Why The Hell Are You So Sad?

Nov. 8, 1996 -- Happiness is a touchy subject for Sheryl Crow, and who can blame her. She sold 8 million copies of her debut album and took home 3 Grammy's.

But success came with a price.

First, a performance of "Leaving Las Vegas" on "The Late Show" and some couch banter about the song being autobiographical, turned into a big deal when author John O'Brien, who's book the song was based on, committed suicide. After the book became an Oscar winning film, O'Brien's friends hinted that seeing Crow on Letterman, played a part in the suicide -- a suggestion O'Brien's parents denied.

Then came the messy break-up of the Tuesday Night Music Club, the casual song writing circle that created enough songs on Sheryl Crows first album, to earn itself the title.

CROW: Our camaraderie, I think, was really based on all of us having this, Gee...we've been overlooked by the art world. And, kind of a more negative attitude, that was what our camaraderie was based on, and then

when my record became successful, suddenly I wasn't in that group that had been looked over by the art world, and by the music world and, it was hard for people to deal with. And when I got ready to make this record, I would never have tried to recreate that circumstance again, and I kind of knew, well not kind of, I really knew what I wanted to on this record, and it was just time for me to do it on my own.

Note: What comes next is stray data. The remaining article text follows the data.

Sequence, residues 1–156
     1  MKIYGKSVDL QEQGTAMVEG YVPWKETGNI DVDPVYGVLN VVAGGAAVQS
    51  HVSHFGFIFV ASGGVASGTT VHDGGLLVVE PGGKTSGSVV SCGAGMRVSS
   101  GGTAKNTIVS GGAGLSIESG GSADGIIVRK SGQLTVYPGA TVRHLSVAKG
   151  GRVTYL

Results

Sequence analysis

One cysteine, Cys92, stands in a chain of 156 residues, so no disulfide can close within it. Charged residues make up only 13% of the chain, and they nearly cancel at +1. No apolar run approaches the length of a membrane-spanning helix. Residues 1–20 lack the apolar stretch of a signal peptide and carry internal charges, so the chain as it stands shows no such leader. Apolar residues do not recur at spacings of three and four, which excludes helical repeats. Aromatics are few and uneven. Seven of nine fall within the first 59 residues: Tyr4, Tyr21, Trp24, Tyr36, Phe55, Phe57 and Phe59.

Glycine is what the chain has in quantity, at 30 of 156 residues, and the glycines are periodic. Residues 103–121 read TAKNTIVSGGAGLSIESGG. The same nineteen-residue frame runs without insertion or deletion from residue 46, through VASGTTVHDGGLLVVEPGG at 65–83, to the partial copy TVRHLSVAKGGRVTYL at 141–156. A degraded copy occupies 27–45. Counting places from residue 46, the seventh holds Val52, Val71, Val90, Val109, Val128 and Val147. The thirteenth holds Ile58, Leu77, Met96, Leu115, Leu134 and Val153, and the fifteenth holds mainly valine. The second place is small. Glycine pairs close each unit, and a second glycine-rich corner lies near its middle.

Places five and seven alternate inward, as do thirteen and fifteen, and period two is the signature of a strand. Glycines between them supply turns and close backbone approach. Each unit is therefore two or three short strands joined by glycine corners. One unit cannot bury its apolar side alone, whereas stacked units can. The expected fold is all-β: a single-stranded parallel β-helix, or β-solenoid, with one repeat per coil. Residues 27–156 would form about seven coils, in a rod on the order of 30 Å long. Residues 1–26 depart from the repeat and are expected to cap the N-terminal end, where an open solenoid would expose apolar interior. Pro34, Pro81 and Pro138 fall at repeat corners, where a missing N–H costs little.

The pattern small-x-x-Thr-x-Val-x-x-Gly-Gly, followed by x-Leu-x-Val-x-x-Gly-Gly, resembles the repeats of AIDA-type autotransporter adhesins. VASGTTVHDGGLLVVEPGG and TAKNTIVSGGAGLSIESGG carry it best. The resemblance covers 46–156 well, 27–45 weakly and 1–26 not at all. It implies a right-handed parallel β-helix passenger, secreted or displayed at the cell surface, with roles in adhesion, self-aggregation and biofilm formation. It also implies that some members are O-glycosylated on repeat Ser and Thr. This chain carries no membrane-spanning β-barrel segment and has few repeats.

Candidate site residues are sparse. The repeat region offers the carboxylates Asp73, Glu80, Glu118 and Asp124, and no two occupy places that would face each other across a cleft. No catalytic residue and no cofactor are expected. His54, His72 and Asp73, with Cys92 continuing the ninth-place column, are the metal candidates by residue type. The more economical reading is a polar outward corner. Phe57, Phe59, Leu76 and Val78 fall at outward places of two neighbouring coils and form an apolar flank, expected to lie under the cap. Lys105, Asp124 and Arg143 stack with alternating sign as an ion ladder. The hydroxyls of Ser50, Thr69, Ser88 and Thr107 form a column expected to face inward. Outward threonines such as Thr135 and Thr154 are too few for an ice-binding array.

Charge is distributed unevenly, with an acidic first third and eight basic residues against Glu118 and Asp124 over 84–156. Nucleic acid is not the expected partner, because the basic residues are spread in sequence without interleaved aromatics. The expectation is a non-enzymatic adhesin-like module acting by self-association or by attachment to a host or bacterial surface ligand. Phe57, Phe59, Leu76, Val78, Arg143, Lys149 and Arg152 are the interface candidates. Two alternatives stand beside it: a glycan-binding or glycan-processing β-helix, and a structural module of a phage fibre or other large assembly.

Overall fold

MTV: While the conflicts of the last 2 years have seeped into her lyrics, her new album and her new image are entirely Crow creations.

CROW: Everything was so geared towards, sort of, the girl next door, 3 years ago when my record came out. I don't feel like that person anymore, and sometimes that just comes out in the way you dress. You know the characters on this record are kind of more into self-definition, or self-realization, I don't know, I guess you could probably hire a therapist, in fact I could probably put a therapist's child through college with the amount

of psycho-analytical-babble on this record. But, hey, you know, it's what it is.

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